The band was founded after Weinzierl and the others met at the Amon Düül ‘art commune’ in Munich. The commune consisted mainly of university students, who formed a music group initially to fund the commune, with everyone who lived there joining in to play music whether or not they had any experience or ability.

AmonDüül II_02

The commune split when they were offered an opportunity to record, which was boycotted by the more musically proficient members of the commune (who went on to form Amon Düül II). Recordings were made by the other members but were of very poor quality and were only released later (under the name Amon Düül) to capitalise on the success of Amon Düül II’s albums. As Amon Düül II grew and personnel changed, they still remained a commune, living together as a band.

Their first album Phallus Dei (‘God’s Phallus’), released in 1969, consisted of pieces drawn from the group’s live set at the time. By this time the line-up was built around a core of Karrer (mainly violin and guitar), Weinzierl (guitar, bass, piano), Rogner on keyboards, bass player Dave Anderson, and two drummers (Peter Leopold (born 15 August 1945) who had joined the group from Berlin, and Dieter Serfas. Renate Knaup at this point was only contributing minimal vocals but was very much part of the group. According to Weinzierl by this time “The band played almost every day. We played universities, academies, underground clubs, and every hall with a power socket and an audience”. Releasing an album brought the group greater prominence and they began to tour more widely in Germany and abroad, playing alongside groups such as Tangerine Dream, and in Germany staying in other communes including the pioneering Kommune 1 in Berlin.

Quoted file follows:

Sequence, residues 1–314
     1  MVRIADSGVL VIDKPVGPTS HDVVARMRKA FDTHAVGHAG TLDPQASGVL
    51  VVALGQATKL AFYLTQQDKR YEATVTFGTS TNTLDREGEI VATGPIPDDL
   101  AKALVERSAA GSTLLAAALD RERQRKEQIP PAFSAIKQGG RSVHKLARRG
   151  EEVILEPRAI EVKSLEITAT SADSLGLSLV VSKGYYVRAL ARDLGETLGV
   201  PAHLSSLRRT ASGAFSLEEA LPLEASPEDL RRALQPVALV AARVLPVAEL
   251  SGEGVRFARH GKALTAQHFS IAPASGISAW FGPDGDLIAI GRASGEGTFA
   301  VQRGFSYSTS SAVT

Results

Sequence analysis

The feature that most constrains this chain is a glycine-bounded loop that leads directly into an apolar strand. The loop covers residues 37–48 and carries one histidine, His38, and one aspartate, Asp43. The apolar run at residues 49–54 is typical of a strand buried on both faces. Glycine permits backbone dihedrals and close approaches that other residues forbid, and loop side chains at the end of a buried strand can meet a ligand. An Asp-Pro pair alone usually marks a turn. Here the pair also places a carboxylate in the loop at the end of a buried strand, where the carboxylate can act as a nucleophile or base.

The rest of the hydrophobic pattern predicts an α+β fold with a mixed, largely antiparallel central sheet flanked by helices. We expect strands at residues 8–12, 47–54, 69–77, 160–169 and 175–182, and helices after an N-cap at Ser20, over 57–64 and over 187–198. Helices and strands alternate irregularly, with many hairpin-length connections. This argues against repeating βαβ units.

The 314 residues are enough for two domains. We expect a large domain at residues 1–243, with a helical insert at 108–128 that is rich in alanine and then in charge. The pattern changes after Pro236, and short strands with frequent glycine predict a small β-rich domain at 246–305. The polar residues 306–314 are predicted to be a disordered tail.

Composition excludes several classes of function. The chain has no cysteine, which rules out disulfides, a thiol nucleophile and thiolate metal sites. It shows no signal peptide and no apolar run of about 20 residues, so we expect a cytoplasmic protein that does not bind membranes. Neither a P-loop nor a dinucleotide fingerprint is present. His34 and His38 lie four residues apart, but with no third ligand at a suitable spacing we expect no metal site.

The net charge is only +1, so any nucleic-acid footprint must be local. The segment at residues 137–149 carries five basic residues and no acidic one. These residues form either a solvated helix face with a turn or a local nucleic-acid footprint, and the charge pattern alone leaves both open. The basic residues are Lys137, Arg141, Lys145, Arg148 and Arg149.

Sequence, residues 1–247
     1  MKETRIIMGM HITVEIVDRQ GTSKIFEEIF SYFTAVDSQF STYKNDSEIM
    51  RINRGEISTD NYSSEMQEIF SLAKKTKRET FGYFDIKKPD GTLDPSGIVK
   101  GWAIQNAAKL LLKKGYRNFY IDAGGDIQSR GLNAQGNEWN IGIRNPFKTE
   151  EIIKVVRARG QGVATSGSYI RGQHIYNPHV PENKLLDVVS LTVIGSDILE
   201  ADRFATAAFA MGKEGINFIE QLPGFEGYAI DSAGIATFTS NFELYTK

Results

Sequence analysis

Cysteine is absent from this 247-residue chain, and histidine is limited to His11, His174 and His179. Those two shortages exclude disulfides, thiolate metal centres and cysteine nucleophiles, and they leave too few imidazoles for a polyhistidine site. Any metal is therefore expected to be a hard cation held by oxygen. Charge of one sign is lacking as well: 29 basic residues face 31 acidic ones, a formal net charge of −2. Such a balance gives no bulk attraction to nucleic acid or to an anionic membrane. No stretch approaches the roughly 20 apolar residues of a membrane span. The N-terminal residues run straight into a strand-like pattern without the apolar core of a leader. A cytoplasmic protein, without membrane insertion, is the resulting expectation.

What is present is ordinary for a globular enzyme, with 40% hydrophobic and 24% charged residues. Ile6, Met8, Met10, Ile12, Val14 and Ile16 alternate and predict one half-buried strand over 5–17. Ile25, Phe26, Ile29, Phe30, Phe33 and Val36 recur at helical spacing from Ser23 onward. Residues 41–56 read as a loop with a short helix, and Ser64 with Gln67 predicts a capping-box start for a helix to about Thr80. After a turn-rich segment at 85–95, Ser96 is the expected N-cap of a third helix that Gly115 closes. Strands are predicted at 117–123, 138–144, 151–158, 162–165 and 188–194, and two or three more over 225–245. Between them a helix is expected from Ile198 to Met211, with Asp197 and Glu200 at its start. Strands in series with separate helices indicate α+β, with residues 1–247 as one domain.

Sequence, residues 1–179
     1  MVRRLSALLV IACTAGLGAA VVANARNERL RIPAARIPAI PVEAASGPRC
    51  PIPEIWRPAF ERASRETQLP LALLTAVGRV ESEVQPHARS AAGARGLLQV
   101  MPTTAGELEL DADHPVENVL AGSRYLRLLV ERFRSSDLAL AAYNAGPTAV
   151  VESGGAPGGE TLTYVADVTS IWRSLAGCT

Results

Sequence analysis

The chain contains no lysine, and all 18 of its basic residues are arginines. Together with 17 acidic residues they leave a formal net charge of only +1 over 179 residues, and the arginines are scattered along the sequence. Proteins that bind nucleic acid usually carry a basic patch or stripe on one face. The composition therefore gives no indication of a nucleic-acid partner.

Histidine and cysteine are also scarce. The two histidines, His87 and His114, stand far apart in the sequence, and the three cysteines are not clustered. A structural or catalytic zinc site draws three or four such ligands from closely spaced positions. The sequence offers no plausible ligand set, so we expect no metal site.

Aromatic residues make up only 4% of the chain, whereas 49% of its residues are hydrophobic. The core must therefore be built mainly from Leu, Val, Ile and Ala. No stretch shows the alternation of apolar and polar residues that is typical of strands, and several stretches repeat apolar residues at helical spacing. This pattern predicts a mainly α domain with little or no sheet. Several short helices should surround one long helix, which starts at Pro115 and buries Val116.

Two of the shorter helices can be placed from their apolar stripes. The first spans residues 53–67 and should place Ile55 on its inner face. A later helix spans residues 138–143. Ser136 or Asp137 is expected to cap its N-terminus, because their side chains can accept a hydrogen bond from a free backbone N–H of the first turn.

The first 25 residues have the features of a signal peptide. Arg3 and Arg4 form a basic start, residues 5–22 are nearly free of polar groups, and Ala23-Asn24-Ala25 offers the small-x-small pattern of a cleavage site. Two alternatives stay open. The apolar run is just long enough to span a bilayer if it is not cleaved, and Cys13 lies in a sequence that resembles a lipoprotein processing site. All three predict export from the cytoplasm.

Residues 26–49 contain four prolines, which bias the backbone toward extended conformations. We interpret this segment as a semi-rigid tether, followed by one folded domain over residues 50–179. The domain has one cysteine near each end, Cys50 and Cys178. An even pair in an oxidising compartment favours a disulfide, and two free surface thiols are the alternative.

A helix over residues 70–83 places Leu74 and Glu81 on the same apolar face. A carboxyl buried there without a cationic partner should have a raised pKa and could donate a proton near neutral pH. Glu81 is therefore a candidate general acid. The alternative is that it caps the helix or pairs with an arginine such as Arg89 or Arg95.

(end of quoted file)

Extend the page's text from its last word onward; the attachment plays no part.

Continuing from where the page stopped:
AmonDüül II_03

Their second album Yeti (1970) saw them introducing arranged compositions along with the bluesy violin and guitar jams such as the long improvised title track. The next album Tanz der Lemminge (1971) was based on four extended progressive rock suites. By this time bassist Anderson had returned to England and joined Hawkwind, to be replaced by Lothar Meid (born 28 August 1942), and the group was augmented by synthman Karl-Heinz Hausmann (Karrer had formed a short-lived group in 1966 – supposedly named ‘Amon Düül O’ – with future Embryo founders Lothar Meid and drummer Christian Burchard).[6]

Still touring widely, they recorded their Live in London album in late 1972 and in 1975 signed with Atlantic Records in the US, and United Artists Records Germany and initially disbanded in 1981.

As well as their albums and live shows ADII received offers to write music for films, winning a German film award, the Deutscher Filmpreis, for their contribution to the film San Domingo.

AmonDüül II_01